Clockwork Angel - Cassandra Clare
Release Date: 6th September 2010
Other Titles by this Author: City of Bones, City of Ashes, City of Glass
Magic is dangerous - but love is more dangerous still
When sixteen-year-old Tessa Gray arrives in England during the reign of Queen Victoria, something terrifying is waiting for her in London’s Downworld, where vampires, warlocks and other supernatural folk stalk the gas lit street. Friendless and hunted, Tessa seeks refuge with the Shadowhunters, a band of warriors dedicated to ridding the world of demons. Drawn ever deeper into their world, she finds herself fascinated by - and torn between - two best friends and quickly realises that love may be the most dangerous magic of all.
Clockwork Angel is a spectacular example of YA urban fantasy. Cassandra Clare really is a genius.
The Mortal Instruments is one of my favourite series’ because of the extraordinary world that has been built for the Shadowhunters. Well, I love Jace too, but that’s a post for another day. Back to the world: it has roots in history of the biggest cities from all over the world and spanning centuries. Having read The Mortal Instruments I was able to identify the predecessors of very important characters in the series. The Lightwood family had a reasonable role in Clockwork Angel and the Wayland’s were also mentioned. I was very pleased that Magnus Bane was in it as I loved him in The Mortal Instruments. I love it when authors interconnect their stories!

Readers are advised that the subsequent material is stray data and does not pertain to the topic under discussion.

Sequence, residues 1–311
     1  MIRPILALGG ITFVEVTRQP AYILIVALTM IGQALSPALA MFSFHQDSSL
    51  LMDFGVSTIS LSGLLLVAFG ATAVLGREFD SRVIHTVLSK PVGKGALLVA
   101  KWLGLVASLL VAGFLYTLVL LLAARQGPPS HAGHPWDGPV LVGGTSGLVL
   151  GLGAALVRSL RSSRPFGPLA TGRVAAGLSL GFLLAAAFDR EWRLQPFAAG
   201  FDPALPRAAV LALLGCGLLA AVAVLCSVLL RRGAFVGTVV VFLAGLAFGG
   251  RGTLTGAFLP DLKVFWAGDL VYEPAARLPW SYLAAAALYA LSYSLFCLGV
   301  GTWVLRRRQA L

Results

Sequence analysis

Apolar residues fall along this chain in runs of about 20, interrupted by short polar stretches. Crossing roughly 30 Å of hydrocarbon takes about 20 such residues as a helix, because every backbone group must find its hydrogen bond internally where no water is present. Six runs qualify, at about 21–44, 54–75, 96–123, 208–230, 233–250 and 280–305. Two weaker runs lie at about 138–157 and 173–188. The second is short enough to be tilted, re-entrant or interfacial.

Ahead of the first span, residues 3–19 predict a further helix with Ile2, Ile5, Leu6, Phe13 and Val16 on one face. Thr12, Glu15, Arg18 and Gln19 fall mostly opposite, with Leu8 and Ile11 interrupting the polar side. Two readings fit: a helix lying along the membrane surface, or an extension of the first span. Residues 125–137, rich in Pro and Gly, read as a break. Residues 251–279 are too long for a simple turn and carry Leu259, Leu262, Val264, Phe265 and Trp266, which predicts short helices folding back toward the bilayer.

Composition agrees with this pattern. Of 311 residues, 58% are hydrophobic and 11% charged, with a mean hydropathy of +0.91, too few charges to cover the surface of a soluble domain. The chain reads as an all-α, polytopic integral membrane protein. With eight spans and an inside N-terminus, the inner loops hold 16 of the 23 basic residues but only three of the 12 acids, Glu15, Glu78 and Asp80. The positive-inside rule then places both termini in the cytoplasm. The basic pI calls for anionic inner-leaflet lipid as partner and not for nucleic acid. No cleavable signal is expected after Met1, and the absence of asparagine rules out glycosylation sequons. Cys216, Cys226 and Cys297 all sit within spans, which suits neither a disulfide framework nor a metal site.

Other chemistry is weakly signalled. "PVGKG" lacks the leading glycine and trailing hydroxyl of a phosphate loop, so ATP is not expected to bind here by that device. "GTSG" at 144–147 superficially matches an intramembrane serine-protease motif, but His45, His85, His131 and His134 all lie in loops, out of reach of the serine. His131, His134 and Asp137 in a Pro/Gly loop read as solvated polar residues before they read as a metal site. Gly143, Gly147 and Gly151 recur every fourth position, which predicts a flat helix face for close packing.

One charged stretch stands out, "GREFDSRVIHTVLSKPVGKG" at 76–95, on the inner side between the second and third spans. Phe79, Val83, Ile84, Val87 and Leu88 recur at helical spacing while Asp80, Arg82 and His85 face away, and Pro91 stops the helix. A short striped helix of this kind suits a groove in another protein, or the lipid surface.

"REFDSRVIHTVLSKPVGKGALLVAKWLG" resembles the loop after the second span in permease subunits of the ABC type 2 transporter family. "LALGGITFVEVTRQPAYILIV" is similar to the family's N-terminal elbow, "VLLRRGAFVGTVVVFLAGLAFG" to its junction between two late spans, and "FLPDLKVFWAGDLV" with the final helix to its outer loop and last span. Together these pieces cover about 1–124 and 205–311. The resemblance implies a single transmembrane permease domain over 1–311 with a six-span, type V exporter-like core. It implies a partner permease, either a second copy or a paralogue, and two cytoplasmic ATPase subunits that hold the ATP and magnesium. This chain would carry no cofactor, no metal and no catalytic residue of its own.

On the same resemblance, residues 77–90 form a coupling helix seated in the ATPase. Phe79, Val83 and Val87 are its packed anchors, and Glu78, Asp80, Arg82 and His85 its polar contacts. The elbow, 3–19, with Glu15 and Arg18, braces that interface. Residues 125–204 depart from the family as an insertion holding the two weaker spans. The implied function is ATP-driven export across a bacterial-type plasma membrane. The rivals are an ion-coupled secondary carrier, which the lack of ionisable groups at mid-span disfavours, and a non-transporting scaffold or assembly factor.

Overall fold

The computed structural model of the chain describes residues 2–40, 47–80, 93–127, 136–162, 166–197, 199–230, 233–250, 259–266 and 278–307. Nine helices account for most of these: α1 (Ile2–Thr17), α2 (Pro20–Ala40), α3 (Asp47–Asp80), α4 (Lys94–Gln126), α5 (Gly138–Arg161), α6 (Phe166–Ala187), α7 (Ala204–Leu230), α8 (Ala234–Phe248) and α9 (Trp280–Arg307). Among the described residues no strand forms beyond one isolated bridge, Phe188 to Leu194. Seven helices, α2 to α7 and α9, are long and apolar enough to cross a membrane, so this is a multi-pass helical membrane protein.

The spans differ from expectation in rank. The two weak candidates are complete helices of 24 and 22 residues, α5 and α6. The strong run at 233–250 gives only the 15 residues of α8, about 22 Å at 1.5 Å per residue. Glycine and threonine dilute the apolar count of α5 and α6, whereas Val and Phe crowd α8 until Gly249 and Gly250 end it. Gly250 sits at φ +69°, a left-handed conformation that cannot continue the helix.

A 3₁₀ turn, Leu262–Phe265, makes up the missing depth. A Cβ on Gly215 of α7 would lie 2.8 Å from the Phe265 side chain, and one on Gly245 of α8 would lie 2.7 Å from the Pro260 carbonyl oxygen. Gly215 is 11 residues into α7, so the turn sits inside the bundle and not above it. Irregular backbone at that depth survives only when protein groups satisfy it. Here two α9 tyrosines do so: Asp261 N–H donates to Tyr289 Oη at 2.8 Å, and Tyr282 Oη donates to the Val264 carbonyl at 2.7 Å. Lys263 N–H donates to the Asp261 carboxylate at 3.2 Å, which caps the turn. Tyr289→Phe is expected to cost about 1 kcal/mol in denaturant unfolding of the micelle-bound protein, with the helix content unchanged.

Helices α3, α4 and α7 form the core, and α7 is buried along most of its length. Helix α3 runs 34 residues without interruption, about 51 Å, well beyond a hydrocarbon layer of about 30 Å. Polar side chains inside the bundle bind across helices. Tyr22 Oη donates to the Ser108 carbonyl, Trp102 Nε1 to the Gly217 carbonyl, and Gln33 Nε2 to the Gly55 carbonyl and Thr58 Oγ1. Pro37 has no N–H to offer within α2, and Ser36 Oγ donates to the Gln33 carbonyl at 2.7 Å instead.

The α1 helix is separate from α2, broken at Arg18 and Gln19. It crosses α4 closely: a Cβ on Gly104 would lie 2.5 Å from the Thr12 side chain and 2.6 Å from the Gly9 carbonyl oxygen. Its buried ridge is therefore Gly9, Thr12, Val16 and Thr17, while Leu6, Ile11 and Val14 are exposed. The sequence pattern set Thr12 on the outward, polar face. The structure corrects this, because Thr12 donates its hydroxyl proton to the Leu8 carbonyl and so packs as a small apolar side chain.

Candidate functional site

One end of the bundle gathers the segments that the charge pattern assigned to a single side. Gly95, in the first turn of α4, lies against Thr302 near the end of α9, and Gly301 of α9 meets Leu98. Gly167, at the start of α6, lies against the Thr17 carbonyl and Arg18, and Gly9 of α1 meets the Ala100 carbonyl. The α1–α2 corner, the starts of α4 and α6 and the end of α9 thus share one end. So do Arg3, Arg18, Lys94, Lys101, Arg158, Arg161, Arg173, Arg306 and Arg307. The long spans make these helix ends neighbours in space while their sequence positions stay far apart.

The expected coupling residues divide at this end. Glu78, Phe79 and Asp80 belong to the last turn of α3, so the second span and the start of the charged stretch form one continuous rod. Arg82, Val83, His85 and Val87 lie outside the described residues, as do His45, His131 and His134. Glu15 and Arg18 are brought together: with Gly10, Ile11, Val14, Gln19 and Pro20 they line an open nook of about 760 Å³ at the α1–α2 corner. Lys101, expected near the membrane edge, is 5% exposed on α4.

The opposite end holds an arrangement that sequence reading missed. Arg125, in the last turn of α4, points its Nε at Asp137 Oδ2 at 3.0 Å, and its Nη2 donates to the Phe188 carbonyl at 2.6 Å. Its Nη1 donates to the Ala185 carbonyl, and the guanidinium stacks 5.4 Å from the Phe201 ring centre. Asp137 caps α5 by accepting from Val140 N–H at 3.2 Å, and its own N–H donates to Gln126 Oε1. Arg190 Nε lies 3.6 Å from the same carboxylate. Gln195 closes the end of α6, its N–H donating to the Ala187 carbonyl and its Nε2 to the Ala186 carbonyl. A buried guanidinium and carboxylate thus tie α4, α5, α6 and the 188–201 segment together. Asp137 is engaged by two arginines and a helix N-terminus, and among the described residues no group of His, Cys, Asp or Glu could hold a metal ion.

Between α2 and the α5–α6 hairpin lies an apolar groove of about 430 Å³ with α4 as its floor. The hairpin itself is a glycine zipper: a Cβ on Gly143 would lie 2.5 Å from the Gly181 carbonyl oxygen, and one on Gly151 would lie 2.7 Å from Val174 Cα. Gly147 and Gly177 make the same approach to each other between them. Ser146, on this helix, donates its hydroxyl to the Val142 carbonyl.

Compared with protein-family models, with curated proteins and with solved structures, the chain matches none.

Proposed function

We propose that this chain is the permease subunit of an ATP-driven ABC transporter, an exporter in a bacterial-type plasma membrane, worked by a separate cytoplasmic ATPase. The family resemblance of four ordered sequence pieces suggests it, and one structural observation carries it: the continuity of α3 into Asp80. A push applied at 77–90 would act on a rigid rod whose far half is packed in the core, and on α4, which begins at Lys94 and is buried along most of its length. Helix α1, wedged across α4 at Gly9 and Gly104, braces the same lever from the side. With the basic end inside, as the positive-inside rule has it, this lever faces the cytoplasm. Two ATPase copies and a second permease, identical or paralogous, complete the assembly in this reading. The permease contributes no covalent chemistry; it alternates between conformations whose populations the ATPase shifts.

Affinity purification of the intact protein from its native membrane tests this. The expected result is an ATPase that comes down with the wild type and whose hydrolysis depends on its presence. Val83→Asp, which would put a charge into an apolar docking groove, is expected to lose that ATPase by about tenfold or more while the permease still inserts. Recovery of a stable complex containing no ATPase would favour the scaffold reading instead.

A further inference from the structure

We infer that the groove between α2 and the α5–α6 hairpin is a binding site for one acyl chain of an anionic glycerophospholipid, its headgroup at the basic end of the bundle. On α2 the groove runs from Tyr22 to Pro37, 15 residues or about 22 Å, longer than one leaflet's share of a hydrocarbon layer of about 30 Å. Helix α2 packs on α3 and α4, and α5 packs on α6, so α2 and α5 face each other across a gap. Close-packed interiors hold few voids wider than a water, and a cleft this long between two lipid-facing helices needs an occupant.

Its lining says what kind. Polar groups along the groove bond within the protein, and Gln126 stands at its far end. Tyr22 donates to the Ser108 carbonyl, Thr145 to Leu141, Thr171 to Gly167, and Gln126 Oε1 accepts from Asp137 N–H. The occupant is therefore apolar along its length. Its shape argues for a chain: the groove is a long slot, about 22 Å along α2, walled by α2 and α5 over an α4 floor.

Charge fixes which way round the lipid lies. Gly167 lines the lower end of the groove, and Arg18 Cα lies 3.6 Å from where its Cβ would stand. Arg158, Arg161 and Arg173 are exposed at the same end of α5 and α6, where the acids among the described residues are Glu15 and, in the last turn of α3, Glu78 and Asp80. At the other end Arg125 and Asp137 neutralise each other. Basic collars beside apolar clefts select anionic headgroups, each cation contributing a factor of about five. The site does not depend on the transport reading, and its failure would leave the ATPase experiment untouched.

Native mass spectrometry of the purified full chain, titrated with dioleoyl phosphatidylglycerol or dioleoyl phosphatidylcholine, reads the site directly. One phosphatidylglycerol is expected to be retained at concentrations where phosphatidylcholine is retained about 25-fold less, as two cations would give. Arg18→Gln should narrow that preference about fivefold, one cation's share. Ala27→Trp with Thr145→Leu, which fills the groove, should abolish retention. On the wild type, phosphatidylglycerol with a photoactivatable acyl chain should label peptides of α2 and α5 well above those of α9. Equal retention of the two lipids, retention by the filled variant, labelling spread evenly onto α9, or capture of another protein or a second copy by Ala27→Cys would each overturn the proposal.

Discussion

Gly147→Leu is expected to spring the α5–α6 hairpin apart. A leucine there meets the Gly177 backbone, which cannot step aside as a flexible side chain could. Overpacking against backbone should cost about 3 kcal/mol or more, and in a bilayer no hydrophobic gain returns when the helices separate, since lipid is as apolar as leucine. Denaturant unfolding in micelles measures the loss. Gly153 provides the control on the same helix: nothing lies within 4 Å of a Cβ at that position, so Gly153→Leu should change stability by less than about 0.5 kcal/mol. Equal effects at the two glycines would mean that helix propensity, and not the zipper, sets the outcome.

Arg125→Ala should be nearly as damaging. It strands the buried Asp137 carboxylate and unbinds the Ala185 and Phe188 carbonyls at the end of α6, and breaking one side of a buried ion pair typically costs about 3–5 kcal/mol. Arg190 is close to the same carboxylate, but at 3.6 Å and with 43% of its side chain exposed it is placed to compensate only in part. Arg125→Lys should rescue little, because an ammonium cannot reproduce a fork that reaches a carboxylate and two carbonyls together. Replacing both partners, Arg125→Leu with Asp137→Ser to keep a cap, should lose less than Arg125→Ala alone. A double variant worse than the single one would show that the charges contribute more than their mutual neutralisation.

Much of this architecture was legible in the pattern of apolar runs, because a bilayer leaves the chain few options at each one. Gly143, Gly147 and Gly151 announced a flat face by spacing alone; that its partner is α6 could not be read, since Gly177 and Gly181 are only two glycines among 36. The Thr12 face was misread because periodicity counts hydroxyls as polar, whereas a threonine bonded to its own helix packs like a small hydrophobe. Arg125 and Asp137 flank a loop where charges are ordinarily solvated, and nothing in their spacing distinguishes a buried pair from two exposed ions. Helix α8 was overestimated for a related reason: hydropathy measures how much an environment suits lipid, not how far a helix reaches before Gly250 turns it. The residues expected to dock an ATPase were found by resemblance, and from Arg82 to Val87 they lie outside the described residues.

Cassandra Clare is also extremely talented when it comes to creating characters hat sit perfectly in her dark and twisted world. Charlotte, Henry, Jem, Jessamine and Will who run the London Institute are very similar to Jace and the Lightwoods in The Mortal Instruments and so I immediately loved them. Especially sweet and caring Jem who’s hiding a heart-breaking secret and sarcastic, cutting, sexy and dangerous Will who isn’t all that he seems. They reminded me a lot of Alec and Jace, actually.
What set Clockwork Angel apart from The Mortal Instruments was the setting of Victorian London. The Institute was way ahead of it’s time. Female Shadowhunters wore trousers and fought alongside the men like equals, which baffled Tessa endlessly, they treated each other informally and skated over some of the stiffer Victorian societal rules. Women such as Charlotte had power and even ran the Institute. There was also period appropriate quotes and poetry extracts at the beginning of each chapter hinting at its contents.
I loved Clockwork Angel and after devouring it in hours, I’m already anxiously awaiting more of Cassandra Clare’s writing.
For my 2010 100+ Reading Challenge